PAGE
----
Peleg Chandler and his partners subdivided the remainder of their parcel, with a frontage of 75 feet on Marlborough, into four lots. On April 10, 1862, they sold the lot furthest east, with a frontage of 25 feet, to Samuel Perkins, a carpenter and builder, who built 1 Marlborough for speculative sale. In 1862, they entered into an agreement with architect and building contractor Charles K. Kirby to build three houses on the remaining 50 feet of their land. They sold the land to him on March 9, 1863, as the houses were nearing completion, and he then resold them to individual purchasers.
Western Parcel. The western parcel, at the corner of Berkeley and Marlborough, with a frontage of 421 feet on Marlborough, was composed of 17 parcels, all of which were acquired from George Goss on November 6, 1858, by nine different purchasers:
Lot 1 by Peleg W. Chandler; Lot 2 by George H. Peters (who also bought Lot 6); Lot 3 by Samuel K. Williams (who also bought Lot 7); Lot 4 by Solomon Piper; Lot 5 by Charles Stratton;
Lot 6 by George H. Peters; Lot 7 by Samuel J. Williams;
Lot 8 by Sampson Reed; Lots 9,10, and 11 by Theophilus Parsons; Lots 12, 13, and 14 by Ebenezer R. Hoar; and Lots 15, 16, and 17 by George Bigelow.
The lots were subsequently resold and reconfigured, and the houses at 9-41 Marlborough and 301 Berkeley constructed between 1862 and 1872.
Building Restrictions in Original Land Deeds
The September 2, 1858, and November 6, 1858, deeds from the Commonwealth (Suffolk Co. Deed Registry, Book 743, p. 229, and Book 747, p. 1) specified that any building on the land was to be “at least three stories high for the main part thereof and shall not in any event be used for a stable, or for any mechanical or manufacturing purposes;” that the front walls were to be set back twenty-two feet from Marlborough, with “steps, windows, porticos, and other usual projections appurtenant thereto” allowed in the reserved space; and that “no cellar or lower floor of any building shall be placed more than four feet below the level of the mill-dam, as fixed by the top surface of the hammered stone at the south-easterly corner of the emptying sluices.” The deeds also provided that the owners of the land would have the right to “plant and cultivate trees on the side walks” in front of their land provided that they left a distance of ten feet between the front boundary of their lots and the trees.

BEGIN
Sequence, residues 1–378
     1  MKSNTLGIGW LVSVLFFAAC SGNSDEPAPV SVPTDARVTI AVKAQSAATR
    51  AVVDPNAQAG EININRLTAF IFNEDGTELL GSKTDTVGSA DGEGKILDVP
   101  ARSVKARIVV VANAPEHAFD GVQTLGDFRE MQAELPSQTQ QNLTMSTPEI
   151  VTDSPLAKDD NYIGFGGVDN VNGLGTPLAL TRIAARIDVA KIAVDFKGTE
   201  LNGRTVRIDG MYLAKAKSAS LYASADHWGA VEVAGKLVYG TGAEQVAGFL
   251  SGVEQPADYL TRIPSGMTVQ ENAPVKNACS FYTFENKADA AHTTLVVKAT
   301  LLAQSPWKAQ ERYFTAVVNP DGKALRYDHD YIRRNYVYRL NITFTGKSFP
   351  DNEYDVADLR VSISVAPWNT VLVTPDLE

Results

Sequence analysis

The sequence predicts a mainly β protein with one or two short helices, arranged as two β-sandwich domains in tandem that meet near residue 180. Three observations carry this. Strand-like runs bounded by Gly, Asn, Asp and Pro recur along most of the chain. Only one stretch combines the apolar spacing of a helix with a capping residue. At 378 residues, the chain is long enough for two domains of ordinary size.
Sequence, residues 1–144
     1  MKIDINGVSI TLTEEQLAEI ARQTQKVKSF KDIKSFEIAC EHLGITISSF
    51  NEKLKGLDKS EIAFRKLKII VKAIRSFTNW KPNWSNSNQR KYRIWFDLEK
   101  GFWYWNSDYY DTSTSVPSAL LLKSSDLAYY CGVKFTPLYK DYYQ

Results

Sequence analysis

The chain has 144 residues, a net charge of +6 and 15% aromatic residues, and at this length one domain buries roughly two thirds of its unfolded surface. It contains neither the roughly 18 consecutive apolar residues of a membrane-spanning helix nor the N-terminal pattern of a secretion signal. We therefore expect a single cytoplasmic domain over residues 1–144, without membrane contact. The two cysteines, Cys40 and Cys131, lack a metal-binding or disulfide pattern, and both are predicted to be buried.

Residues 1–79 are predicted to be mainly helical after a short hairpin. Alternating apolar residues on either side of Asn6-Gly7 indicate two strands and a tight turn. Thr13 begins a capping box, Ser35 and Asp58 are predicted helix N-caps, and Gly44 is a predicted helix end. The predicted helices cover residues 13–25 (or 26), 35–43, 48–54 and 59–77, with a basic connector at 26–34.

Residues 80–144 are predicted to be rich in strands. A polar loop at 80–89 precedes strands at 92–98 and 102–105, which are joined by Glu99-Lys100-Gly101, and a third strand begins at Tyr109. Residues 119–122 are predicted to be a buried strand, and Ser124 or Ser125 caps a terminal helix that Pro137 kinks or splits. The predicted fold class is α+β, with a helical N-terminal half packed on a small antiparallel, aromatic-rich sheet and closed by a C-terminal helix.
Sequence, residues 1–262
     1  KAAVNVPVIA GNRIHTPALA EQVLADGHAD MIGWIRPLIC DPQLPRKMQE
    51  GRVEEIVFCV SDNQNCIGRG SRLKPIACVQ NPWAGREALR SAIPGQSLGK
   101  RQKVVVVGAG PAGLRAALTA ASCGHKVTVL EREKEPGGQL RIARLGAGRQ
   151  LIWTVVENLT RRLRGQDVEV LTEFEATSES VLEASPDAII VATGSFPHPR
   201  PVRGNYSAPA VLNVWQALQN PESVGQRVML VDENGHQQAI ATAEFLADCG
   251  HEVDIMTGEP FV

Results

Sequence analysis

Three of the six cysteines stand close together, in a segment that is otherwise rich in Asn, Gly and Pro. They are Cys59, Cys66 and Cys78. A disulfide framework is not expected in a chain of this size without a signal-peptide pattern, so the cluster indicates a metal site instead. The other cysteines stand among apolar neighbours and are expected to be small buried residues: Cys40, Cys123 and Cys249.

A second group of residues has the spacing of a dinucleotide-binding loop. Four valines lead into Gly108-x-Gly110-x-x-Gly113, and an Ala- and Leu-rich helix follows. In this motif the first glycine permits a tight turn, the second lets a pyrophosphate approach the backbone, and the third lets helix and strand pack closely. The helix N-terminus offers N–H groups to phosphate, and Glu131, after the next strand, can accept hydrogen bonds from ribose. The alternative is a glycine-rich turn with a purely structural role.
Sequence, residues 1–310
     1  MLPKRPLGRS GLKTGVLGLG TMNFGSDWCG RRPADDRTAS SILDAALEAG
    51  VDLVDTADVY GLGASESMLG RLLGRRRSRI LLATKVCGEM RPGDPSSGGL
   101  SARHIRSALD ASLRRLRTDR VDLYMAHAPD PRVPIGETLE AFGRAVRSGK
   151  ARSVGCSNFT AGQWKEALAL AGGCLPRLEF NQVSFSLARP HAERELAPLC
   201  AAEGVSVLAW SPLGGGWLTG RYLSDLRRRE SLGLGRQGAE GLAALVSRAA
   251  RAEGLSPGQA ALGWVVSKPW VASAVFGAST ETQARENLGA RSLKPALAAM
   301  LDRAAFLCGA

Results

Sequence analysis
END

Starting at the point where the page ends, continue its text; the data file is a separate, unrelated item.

In November of 1858, the Commissioners on the Back Bay voted to clarify that the prohibition on stables would not be enforced “in such a manner as to prevent the erection and use of private stables by gentlemen as appurtenances to their own dwelling homes; provided, such stables are so constructed and used as not to be justly offensive to the occupants of the surrounding buildings.”
In January of 1863, the Commissioners on Public Lands (successors to the Commissioners on the Back Bay) adopted dimensional limitations on the projections allowed in the setback area.
Click here for more information on the restrictions contained in deeds of Back Bay land.